One of the best non-running aspects of being a runner is the slower exposure to the communities in which I live. A choice to make a turn in my running route has often brought me into knowing hidden gems of the towns and cities where I live and run.
Such a thing happened today when I stopped to turn around and head back home at a pavilion of a park along my route. There, I saw the box pictured below. A closer look told the box’s story.
Something like this should be in every park in every town across the country. What’s more, there should probably be two levels of boxes right on top of one another. The upper box with books for adults and the lower box with books for children.
Imagine an initiative of elementary schools throughout a community to create these boxes for every park they were near, to stock the boxes, rotate the books, and track the history of the project.
Not only would such a project bring literacy to community common spaces, they would act as signposts as well. Signposts alerting the community to the fact that local schools see themselves as part of a larger ecosystem as well as signposts tethering schools to the community and helping students understand a small act of civic engagement.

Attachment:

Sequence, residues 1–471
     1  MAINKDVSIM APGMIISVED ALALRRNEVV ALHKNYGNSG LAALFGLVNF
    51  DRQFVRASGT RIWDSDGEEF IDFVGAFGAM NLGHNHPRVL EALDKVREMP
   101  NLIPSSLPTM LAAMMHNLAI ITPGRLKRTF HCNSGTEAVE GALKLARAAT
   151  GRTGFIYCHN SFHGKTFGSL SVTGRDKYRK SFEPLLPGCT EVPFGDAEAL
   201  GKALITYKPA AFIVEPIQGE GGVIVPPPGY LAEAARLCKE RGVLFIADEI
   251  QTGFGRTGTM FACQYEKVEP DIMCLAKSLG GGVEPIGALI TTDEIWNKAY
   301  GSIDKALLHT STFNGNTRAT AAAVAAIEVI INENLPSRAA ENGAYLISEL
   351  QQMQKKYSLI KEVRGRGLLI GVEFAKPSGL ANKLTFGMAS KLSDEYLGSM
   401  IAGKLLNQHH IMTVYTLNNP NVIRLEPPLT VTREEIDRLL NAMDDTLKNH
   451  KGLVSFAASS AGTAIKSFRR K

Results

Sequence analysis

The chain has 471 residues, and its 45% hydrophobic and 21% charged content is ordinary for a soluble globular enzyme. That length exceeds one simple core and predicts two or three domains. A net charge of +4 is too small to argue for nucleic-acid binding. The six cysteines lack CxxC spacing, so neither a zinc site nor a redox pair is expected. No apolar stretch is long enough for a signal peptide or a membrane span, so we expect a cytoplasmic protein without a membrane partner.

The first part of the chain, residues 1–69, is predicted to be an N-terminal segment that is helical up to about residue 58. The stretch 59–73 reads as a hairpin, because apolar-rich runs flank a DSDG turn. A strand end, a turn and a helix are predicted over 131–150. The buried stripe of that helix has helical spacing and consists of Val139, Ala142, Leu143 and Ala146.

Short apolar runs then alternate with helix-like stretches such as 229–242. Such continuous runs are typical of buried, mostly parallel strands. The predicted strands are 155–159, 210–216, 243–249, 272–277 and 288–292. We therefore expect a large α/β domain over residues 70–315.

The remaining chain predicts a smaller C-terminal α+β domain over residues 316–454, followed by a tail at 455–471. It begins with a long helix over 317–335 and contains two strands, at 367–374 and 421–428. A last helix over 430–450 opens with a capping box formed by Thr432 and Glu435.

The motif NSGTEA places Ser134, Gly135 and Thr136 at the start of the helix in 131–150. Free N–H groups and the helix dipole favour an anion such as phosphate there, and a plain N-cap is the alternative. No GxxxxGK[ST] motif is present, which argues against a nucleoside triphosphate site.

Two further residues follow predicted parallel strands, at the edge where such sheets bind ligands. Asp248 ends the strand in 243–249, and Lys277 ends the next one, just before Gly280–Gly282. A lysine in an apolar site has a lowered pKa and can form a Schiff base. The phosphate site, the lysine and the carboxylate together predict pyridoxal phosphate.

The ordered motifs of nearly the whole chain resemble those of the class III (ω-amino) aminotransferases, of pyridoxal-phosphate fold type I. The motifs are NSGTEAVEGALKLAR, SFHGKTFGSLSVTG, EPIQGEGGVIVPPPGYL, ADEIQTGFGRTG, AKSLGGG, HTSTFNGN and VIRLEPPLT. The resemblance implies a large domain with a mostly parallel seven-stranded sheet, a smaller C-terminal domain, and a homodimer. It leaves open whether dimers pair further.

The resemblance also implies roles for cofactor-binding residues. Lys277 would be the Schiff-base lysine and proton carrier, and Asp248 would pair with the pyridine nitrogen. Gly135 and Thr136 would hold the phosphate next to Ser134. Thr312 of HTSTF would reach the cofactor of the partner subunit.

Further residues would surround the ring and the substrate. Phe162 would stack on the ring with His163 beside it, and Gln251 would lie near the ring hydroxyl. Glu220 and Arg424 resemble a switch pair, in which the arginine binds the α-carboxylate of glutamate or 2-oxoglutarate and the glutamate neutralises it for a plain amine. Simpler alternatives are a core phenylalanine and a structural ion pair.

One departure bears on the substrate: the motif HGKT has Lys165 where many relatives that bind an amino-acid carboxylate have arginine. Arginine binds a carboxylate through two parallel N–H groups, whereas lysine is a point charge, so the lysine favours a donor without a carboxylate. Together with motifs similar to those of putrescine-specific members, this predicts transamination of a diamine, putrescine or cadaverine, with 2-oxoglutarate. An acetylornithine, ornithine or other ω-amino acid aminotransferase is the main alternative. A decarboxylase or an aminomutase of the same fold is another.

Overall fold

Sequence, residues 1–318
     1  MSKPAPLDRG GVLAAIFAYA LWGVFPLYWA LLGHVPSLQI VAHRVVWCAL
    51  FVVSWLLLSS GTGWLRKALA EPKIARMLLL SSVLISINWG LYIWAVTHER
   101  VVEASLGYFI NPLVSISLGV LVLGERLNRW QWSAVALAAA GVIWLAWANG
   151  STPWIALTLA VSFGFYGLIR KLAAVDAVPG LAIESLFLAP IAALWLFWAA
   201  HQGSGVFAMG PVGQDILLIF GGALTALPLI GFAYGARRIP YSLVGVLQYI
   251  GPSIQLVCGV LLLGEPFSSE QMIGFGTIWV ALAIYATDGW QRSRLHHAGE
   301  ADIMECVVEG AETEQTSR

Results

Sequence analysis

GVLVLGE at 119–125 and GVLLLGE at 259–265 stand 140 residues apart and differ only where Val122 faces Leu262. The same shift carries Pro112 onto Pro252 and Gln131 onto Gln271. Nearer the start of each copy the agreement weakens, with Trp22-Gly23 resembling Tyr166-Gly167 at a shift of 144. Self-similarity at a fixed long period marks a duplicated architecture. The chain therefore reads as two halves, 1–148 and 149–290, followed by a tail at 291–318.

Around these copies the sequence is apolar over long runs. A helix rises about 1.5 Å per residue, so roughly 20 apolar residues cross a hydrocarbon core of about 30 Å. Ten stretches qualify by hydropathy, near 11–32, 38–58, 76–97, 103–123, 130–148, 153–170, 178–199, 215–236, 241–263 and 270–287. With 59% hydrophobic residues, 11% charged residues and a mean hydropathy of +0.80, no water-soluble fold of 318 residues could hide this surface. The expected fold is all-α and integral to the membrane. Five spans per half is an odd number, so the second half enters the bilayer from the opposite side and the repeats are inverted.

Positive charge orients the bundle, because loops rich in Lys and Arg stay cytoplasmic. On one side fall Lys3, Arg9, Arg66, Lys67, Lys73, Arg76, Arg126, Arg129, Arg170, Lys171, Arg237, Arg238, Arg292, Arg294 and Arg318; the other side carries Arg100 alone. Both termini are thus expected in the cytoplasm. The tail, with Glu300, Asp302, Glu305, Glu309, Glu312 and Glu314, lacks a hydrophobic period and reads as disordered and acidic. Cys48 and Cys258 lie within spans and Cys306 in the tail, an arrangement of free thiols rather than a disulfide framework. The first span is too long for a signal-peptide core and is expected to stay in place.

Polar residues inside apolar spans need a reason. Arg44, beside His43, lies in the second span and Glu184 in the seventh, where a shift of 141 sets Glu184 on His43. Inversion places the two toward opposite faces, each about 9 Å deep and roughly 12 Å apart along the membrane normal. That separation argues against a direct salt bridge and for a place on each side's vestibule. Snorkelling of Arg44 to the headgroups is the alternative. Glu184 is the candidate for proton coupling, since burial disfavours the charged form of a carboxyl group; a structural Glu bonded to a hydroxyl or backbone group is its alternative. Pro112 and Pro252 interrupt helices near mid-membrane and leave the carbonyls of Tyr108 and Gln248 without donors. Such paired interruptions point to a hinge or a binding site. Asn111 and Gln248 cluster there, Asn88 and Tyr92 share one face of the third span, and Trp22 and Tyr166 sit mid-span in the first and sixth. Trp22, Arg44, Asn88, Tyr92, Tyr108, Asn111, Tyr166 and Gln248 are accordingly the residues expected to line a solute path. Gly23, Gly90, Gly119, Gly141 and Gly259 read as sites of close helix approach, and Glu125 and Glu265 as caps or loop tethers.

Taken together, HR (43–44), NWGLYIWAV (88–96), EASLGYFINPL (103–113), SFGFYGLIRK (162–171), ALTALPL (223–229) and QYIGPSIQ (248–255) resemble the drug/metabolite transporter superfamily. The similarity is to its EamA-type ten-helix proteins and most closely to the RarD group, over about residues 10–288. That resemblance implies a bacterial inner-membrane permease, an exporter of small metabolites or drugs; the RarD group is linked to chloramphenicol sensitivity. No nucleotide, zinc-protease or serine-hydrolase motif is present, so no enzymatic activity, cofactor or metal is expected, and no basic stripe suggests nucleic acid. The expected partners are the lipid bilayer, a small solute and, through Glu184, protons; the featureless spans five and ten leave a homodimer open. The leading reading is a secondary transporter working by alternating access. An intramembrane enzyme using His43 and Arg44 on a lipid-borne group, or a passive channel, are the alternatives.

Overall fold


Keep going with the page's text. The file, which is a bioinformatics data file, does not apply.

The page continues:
As soon as I typed this, I also started conceiving concerns around such an initiative. First among them was the defacement of the boxes. This is a reason to move forward with such an idea, not turn away from it. If the boxes are defaced, it presents true challenges of citizenship for the students involved and for the entire community. Raising such issues to the proper public officials again establishes channels of visibility between schools and the community.
These may be difficult problems to navigate, but I’d rather have students rising through our schools who have experience solving these problems than have students who were sheltered from addressing difficult community issues. It’s a question of citizenship.
Thanks, Friends of Martin Acres.